Scar From Old MI Common When CAD Revealed at Autopsy After Sudden Death

Liam Davenport

July 15, 2019

Scar from myocardial infarction (MI) that went unrecognized may have been involved in two fifths of cases of out-of-hospital sudden cardiac death (SCD) in people with previously unknown coronary artery disease (CAD) in an autopsy cohort in Finland.

Among 5869 individuals who died from SCD over a 20-year period in the cohort from Finland, 1322 of the 3122 who had not been previously diagnosed with CAD (42.3%) were found on autopsy to have evidence of myocardial scar indicative of old MI.

Ischemic heart disease had gone unrecognized in more than two thirds of persons in whom CAD was noted at autopsy as the cause of SCD.

Those with old MI were more likely to be older and male and to have a greater total heart weight than those without evidence of silent MI. They were also more likely to have experienced SCD during physical activity, note the authors of the study, led by Juha H. Vähätalo, BM, Oulu University Hospital and University of Oulu, Finland. Their report was published July 10 in JAMA Cardiology.

The group obtained pre-SCD electrocardiograms (ECGs) from 187 persons with silent MI and from 251 of the approximately 1000 persons in the overall SCD cohort who had been previously diagnosed with CAD.

Those found to have had silent MI were significantly more likely to show at least one ECG abnormality that might have flagged a history of MI (66.8% vs 55.4%; P = .02). The abnormalities consisted of fragmented QRS intervals or durations ≥110 ms, pathologic Q waves, and T-wave inversion.

Although firm conclusions can't be drawn from such a small sample of ECGs from the overall cohort, the findings provide "motivation" for further studies into how such techniques could be used to recognize and prevent silent MIs and potentially prevent SCD down the line, the group writes.

They add that while "more efficient methods" than ECG might be able to diagnose silent MI in the future, the cost-effectiveness of, for example, cardiac MRI for that purpose "is likely to be unreasonable."

Instead, they propose that ECG screening be reserved for high-risk populations and that MRI and plus myocardial strain analysis by echocardiography be reserved for individuals who warrant further examination.

This sort of approach is already used in individuals with a T-wave inversion in the precordial leads, and "often, these patients have an echocardiogram after that," senior author M. Juhani Junttila, MD, Oulu University Hospital and University, told | Medscape Cardiology.

"The most important thing is to identify these individuals with many risk factors for coronary artery disease, although they don't have any symptoms. And if they have ECG findings, they would undergo some kind of imaging," he said.

Surprisingly High Prevalence

Junttila said he was "surprised" that the prevalence of silent MI in SCD patients was similar to that seen in studies conducted in the 1970s and 1980s, apparently belying the commonly held belief that "cardiovascular diseases are decreasing in society."

In an accompanying commentary, William C. Roberts, MD, Baylor University Medical Center, Dallas, Texas, also notes that the prevalence of silent MI in the analysis was similar to what had been seen in previous studies. Together, the figures suggest that left ventricular scars indicative of healed MI are likely present in 40% to 50% of people who experience SCD.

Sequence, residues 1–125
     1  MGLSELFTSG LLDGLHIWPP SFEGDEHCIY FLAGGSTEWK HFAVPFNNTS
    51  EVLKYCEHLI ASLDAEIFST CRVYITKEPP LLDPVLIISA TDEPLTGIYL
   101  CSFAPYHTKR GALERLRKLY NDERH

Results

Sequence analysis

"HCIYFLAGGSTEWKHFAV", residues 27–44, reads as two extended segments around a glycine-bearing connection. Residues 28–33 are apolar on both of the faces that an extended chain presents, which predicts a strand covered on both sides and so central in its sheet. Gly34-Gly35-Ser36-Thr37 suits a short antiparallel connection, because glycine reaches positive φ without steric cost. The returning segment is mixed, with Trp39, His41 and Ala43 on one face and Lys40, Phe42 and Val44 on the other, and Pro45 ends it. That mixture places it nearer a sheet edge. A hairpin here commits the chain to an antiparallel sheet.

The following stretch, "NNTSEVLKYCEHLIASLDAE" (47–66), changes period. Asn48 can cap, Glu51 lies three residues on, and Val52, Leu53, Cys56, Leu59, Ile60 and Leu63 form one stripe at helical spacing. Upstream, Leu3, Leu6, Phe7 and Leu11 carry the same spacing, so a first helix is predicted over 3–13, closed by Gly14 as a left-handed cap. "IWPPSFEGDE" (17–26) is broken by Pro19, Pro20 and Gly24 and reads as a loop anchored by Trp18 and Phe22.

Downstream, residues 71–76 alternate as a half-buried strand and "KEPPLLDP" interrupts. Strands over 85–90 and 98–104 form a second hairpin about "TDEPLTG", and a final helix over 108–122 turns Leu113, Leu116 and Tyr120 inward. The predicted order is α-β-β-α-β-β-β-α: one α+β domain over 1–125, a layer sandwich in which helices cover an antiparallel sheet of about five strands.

The current study has "major positives," he writes, including the "huge database" on SCD and autopsy findings on everyone. However, "large numbers do not necessarily guarantee perfect data."

A limitation, he writes, is that the autopsies were performed over 2 decades by different pathologists with likely "variable interests in cardiac disease." Also, left ventricular scars were not well described.

Also, there may have been shortfalls in accuracy in the clinical histories obtained via family and acquaintance questionnaires. There was no definition of dyslipidemia, and "its frequency is strikingly low" in the study, suggesting statins may have been in use.

Two Decades of SCD

The researchers gathered death certificates, medical records, autopsy reports, standardized questionnaires that were completed by next of kin, and police reports from the scene of death to supplement a cohort from the Finnish Genetic Study of Arrhythmic Events (FinGesture).

The case-control study included all individuals with out-of-hospital SCD for whom autopsy was performed in Northern Finland between 1998 and 2017. Autopsies are required by law in Finland for all unexpected deaths, the authors explain.

Of the 5869 individuals from FinGesture, CAD was noted as the underlying cause of death for 4392 (74.8%); SCD was the first known manifestation of the ischemic heart disease in 3122 persons, or about 71% of CAD cases.

Persons with prior silent MI were more likely to die from SCD during physical activity, at 18.2%, vs 12.4% for those without silent MI (P < .001); and they were more likely to die outdoors (20.0% vs 14.9%; P = .001), the report states.

"Surprisingly, SCDs in saunas were more common in individuals without silent MI (78 of 1798 [4.3%]) compared with individuals with silent MI (21 of 1322 [1.6%]; P = .03)," the authors state.

The study was funded by the Sigrid Juselius Foundation, the Finnish Foundation for Cardiovascular Research, the Yrjö Jahnsson Foundation, and the Paavo Nurmi Foundation. Junttila has received grants from Abbot Medical Finland and personal fees from AstraZeneca, Boehringer Ingelheim, Merck Sharp & Dohme, and Pfizer outside the submitted work. The other study authors and Roberts have disclosed no relevant financial relationships.

JAMA Cardiol. Published online July 10, 2019. Abstract, Commentary

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